In April, a high-resolution scan from Penn State’s Center for Quantitative Imaging (CQI) was chosen as the cover image for the journal Developmental Dynamics. The image is a 3D segmented rendering of a contrast-enhanced fetal mouse. It appears on the cover of the April 1 volume.
According to Tim Stecko, a laboratory scientist for CQI, the data for this image is a product of two procedures that CQI researchers, under the direction of Joan Richtsmeier’s Lab, helped develop. One was a solution-based staining process that produced more tissue contrast, providing detail-rich images. The second was a wax-mounting protocol that protected and stabilized specimens. Both processes allow for the collection of high-quality, information-dense image data on small, delicate specimens.
CQI is home to the GE v|tome|x L300 multi-scale nano/microCT system. It uses X-rays to to see inside an object, slice by slice, on an extremely small scale, considerably less than the average width of a human hair. To further enhance the image, the researchers used a solution on this specimen to better see the different parts of the mouse.
“The fetal mouse was stained with a phosphotungstic acid solution, which has varying affinity for different tissues,” said Stecko. “This allows the X-ray CT scans to ‘see’ different structures in the body of these developing mice that we would not otherwise be able to differentiate.”
Additionally, Stecko worked with his CQI colleague Whitney Yetter on a method of determining the progression of the stain in the specimen. By performing fast, low-resolution scans, the researchers could see this process was progressing.
“When you are working on a new procedure like this, you do not have any guidelines to follow, so you have to make your own,” Stecko said.
The other new process was the wax-mounting protocol, which keeps specimens fixed in a motionless position within the mount and prevents dehydration.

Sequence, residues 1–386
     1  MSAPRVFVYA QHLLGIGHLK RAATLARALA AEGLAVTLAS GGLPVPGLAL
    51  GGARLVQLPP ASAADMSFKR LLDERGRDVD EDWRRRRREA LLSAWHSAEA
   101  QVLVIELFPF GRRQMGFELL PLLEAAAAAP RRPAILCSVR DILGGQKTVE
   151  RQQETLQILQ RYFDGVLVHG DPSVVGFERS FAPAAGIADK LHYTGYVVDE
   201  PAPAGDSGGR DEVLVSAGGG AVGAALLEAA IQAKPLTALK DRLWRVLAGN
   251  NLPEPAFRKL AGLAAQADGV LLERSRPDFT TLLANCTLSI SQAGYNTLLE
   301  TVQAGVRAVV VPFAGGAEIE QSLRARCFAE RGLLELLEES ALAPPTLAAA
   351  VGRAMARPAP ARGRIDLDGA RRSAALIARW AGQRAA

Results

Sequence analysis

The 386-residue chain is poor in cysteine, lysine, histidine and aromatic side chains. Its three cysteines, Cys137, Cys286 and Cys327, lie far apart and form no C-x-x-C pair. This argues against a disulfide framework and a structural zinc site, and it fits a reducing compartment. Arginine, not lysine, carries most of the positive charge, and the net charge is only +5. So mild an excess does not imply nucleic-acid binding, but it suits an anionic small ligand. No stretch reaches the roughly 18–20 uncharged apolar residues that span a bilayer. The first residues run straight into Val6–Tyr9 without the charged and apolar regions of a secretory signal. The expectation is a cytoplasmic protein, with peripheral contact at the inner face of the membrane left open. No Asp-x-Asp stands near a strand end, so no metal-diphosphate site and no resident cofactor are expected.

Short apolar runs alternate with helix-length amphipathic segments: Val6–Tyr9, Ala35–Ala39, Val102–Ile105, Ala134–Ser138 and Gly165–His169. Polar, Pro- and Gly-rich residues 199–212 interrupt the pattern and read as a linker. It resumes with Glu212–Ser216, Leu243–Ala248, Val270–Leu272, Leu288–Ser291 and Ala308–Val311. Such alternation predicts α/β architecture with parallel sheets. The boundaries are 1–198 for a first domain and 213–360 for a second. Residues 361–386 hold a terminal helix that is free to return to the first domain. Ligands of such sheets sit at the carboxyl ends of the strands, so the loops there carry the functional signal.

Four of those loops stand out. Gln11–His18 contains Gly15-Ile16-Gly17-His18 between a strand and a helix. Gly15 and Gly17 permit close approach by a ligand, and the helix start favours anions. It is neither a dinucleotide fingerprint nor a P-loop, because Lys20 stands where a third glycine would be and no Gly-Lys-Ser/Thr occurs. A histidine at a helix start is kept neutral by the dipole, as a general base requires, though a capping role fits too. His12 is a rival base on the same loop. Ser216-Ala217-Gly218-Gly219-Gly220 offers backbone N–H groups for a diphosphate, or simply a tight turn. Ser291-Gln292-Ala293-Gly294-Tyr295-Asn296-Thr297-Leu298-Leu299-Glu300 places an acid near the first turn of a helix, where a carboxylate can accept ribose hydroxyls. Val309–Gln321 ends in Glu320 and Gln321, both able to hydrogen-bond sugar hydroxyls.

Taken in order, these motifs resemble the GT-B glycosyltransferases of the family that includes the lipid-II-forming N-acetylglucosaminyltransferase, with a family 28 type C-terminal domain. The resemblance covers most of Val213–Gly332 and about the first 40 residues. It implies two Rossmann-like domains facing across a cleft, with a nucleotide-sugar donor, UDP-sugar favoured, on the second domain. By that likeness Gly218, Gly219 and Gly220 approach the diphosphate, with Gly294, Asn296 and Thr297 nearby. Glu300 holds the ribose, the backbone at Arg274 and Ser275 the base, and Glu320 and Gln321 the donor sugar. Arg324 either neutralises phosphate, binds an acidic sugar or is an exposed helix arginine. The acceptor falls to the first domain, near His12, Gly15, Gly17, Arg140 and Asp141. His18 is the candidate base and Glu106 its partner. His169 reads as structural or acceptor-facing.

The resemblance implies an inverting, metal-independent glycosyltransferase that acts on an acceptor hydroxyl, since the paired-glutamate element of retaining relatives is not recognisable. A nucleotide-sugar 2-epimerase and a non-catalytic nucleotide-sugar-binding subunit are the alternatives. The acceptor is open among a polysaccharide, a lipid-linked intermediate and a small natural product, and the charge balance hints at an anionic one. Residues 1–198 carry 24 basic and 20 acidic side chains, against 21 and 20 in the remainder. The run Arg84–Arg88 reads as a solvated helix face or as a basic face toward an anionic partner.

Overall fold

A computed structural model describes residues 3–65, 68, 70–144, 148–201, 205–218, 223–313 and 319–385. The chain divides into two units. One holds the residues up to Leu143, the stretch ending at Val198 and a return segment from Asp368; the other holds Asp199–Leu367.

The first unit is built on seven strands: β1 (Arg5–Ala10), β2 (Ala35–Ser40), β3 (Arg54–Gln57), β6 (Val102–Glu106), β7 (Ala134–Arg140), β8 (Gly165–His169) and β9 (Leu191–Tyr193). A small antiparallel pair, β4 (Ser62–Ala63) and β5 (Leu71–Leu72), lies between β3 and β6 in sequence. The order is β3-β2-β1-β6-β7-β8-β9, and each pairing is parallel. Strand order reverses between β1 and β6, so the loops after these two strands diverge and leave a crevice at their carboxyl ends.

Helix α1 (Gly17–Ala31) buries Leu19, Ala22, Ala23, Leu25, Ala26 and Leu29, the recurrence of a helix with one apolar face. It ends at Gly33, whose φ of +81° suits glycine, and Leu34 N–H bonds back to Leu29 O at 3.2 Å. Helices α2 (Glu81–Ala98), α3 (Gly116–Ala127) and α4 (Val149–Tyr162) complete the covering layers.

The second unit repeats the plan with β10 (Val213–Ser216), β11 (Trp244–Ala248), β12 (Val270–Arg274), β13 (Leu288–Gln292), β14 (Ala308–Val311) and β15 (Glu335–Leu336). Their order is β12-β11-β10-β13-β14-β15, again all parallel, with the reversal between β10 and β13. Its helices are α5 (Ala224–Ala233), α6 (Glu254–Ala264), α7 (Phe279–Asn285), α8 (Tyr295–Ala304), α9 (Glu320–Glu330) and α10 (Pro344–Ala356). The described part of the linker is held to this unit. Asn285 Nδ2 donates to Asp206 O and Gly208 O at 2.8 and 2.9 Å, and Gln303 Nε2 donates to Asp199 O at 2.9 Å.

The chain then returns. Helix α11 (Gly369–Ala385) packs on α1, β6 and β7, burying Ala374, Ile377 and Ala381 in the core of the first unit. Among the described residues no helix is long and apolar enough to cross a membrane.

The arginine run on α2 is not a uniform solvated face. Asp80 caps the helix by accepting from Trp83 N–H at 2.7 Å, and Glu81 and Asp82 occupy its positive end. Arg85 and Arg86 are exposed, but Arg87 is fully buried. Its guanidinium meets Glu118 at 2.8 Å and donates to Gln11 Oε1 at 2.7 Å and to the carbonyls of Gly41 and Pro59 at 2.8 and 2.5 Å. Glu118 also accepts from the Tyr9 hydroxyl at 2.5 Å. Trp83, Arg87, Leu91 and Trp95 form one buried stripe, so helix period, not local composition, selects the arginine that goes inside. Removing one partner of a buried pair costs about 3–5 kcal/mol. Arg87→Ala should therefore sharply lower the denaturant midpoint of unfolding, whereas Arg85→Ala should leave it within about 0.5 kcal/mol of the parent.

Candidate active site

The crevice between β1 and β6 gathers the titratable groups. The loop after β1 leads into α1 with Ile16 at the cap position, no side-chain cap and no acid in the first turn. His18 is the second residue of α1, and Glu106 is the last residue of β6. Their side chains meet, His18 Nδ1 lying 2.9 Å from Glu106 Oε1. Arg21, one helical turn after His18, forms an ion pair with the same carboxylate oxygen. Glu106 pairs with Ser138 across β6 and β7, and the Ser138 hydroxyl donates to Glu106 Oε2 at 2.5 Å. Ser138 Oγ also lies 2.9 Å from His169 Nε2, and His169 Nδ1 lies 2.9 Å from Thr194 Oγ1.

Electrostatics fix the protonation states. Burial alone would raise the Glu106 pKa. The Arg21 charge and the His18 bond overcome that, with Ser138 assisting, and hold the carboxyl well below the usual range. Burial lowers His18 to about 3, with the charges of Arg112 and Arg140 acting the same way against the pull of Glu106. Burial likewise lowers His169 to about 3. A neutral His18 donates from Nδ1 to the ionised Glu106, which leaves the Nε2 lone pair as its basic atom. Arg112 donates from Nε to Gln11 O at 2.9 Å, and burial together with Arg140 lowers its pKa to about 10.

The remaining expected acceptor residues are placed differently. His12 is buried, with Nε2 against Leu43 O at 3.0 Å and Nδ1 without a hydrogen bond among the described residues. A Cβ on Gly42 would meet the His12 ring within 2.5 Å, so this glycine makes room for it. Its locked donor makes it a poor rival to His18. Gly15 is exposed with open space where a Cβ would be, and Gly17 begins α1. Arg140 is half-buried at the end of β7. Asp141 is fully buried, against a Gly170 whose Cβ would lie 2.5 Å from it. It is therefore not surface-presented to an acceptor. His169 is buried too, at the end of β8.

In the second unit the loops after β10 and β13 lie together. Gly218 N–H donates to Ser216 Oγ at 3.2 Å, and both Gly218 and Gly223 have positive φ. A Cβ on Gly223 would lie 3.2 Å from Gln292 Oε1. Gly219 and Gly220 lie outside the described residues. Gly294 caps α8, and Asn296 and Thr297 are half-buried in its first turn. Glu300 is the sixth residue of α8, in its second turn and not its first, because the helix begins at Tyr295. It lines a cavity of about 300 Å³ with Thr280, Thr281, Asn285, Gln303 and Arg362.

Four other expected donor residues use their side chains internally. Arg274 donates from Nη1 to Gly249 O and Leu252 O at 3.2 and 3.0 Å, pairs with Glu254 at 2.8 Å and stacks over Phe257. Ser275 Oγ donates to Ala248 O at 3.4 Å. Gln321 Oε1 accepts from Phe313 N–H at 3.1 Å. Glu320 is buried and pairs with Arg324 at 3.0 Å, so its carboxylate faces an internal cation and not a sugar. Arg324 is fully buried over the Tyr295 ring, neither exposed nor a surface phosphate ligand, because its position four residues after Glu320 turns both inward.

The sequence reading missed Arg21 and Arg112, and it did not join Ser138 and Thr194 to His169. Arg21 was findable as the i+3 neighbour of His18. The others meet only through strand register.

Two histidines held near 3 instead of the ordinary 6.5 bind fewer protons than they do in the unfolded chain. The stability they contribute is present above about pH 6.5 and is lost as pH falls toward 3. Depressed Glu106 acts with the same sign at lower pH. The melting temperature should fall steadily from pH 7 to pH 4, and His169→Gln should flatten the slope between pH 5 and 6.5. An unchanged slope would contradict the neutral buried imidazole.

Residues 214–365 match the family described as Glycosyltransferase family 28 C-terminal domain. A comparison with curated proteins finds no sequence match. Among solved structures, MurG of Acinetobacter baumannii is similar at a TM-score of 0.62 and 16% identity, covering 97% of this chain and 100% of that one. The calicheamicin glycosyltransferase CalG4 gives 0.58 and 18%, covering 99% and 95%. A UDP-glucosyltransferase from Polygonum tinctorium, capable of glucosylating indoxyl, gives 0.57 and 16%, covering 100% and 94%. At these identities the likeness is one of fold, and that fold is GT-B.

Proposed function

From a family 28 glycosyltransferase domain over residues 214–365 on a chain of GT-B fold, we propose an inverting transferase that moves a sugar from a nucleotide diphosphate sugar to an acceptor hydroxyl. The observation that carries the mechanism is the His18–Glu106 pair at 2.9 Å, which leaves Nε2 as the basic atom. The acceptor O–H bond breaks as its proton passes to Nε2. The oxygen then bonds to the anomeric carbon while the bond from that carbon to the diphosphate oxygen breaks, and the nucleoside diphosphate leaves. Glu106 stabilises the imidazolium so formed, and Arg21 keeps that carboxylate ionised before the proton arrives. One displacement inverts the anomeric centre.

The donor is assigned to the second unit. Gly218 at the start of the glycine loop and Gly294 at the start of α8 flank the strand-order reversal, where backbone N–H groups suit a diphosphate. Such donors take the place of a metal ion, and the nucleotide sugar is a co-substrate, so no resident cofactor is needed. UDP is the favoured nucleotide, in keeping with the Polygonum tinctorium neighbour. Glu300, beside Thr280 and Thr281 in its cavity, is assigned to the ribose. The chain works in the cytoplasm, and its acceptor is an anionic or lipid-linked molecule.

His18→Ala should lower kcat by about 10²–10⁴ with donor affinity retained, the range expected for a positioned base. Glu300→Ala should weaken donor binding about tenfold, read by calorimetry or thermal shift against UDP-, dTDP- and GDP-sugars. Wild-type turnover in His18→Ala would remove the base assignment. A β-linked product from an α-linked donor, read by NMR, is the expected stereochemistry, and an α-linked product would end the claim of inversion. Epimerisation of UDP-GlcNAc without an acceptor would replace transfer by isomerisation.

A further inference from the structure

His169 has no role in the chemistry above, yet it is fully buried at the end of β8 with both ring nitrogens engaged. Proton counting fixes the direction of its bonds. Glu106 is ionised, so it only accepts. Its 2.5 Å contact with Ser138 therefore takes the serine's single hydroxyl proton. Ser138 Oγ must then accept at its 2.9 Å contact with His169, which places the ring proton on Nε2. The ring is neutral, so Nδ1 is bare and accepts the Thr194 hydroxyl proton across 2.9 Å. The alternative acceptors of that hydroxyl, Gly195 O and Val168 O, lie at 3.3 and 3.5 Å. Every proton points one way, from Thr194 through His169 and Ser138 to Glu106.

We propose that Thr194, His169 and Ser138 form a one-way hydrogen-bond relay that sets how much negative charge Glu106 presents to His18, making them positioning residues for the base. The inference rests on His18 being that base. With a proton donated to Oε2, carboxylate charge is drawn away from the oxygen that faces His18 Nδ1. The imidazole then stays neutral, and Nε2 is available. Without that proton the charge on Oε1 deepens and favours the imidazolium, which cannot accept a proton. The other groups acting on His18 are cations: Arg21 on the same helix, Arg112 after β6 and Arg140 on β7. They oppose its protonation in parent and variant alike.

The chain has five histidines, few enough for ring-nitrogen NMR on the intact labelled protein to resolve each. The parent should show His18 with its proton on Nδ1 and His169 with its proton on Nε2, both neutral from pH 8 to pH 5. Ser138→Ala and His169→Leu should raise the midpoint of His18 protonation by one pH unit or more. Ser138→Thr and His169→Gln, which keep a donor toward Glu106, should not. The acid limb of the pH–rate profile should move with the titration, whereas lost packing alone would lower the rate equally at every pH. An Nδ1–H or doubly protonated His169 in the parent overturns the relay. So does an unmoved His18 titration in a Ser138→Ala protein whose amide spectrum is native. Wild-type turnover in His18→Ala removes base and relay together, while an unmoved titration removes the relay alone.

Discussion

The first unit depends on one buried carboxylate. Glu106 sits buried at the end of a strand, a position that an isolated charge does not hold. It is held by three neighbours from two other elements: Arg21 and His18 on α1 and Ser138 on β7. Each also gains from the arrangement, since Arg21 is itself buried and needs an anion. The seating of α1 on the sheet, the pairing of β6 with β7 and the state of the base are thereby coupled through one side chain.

“We had the problem of very delicate, soft, wet biological samples,” said Stecko. “And we had to figure out how to handle them and prevent them from drying out. Drying and shrinkage is very real problem when a single scan can last up to 3 hours.”
Stecko said it is very important to maintain these specimens in a state as they are when they are alive because the dimensionality and tissue structures can change as they dehydrate.
The CQI and Richtsmeier Lab researchers started to explore different combinations of low-temperature melting waxes and found a mixture that set well, was good to handle and did not shrink too much.
The combination of staining and the wax process allowed the researchers to mount the fetal mouse and get extremely high-quality images of a digitally dissected specimen.
“This lab is not just using X-ray CT to solve problems for people or provide answers. It is a lab that figures out how to best use X-ray CT,” said Stecko. “That might mean developing new methods of handling and mounting, as we did with the fetal mouse specimens.”
Stecko said that the interdisciplinary nature of CQI allows them to work with experts from a wide variety of disciplines and in doing so, take solutions from one field and pass it along to another.
“There are a number of research labs that use contrast enhancement with X-ray CT,” Stecko said. “What makes CQI unique is the relationship that we have with clients allows us to work closely with each other to develop and improve methods.”
Because of the broadly applicable CT services that CQI provides, it has clients in every college at Penn State. CQI is also providing X-ray CT solutions to private corporations throughout the U.S.
CQI is a part of the Energy and Environmental Sustainability Laboratories, the core research facilities of the Institutes of Energy and the Environment.